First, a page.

Ever left the office and realize you haven’t heard one positive comment all day—or week? Whether your office is going through a round of lay-offs or management changes, or everyone is just feeling overworked and overwhelmed, general malaise in the corporate setting can get the best of us. After all, there’s nothing that burnt-out, exhausted, stressed-out employees love more than adding fuel to the fire of workplace negativity (well, free pizza may rank a touch higher).
So how to navigate the office melodrama when it really gets going? Pitching in and gossiping with the best of them is never the right answer, but you don’t have to go all Pollyanna on anyone, either. Here are some easy ways to rise above the riff-raff and keep your head in the game.
1. Excuse Yourself
Perhaps the easiest way to avoid water-cooler gossip is to simply remove yourself from the situation. By not immersing yourself in that environment, you avoid the negativity and can keep your own personal morale in the black. Plus it prevents you from throwing your hat in the ring and saying something ugly yourself (don’t be that girl!). Ideally, some of your co-workers will take the hint and head back to their desks before long, too.
2. Set Boundaries
Some amount of chit-chat and banter can be funny and help to give everyone a few minutes’ break from a big project. But the danger is that it can also turn into an all-out venting and commiseration session where people begin to say things that, at best, they regret and, at worst, can get them into trouble with HR.
Set boundaries for yourself so that you don’t get onto the slippery slope of the blahs. Allow yourself a few minutes in the break room in the afternoon with some pals, but if the conversation turns toward any lightning rod topics, jump in and steer it toward safer (and happier) ground.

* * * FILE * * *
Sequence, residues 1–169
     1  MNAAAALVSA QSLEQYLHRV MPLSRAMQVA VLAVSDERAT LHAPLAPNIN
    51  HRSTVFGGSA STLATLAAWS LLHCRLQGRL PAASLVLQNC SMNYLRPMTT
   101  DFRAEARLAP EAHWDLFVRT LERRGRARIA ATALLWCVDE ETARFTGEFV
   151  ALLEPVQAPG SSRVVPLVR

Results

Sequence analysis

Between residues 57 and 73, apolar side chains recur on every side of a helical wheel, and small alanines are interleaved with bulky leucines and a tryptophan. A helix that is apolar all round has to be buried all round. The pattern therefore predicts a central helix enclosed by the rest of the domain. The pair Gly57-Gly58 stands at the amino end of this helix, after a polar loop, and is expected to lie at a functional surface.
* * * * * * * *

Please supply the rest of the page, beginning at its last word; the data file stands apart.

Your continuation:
3. Be the Change
Here’s what I personally find the most satisfying (at least from a karma perspective): being the change. If you want to see the spirit of your team, department, or company move in a positive direction, set the example that you’d like to see in others.
When you hear less-than-uplifting comments about a co-worker, suggest that she is probably doing the best she can, and give an example. If you sense that the team is a bit disconnected and down, invite everyone out for an impromptu lunch. If your break room or proverbial water-cooler area tends to be a gathering spot for negativity, set out some crossword puzzles or trivia cards and encourage others to engage in more upbeat activities. Bring donuts on a Friday. Plan a happy hour. Nominate yourself as the morale cheerleader and go with it.
Bonus: If you’re truly effective in this regard, you can bet management will pick up on it (and there ain’t nothin’ wrong with looking good in front of the higher-ups when promotions and raises are involved).
Let’s face it: There’s a reason why Dilbert and Office Space resonate with corporate employees all over the world—sometimes work sucks. But the reality is that we have to make a go of it, and you’re going to be spending a good part of your waking hours in that office. The only thing you can really control is you, so empower yourself to make your workplace the best environment possible.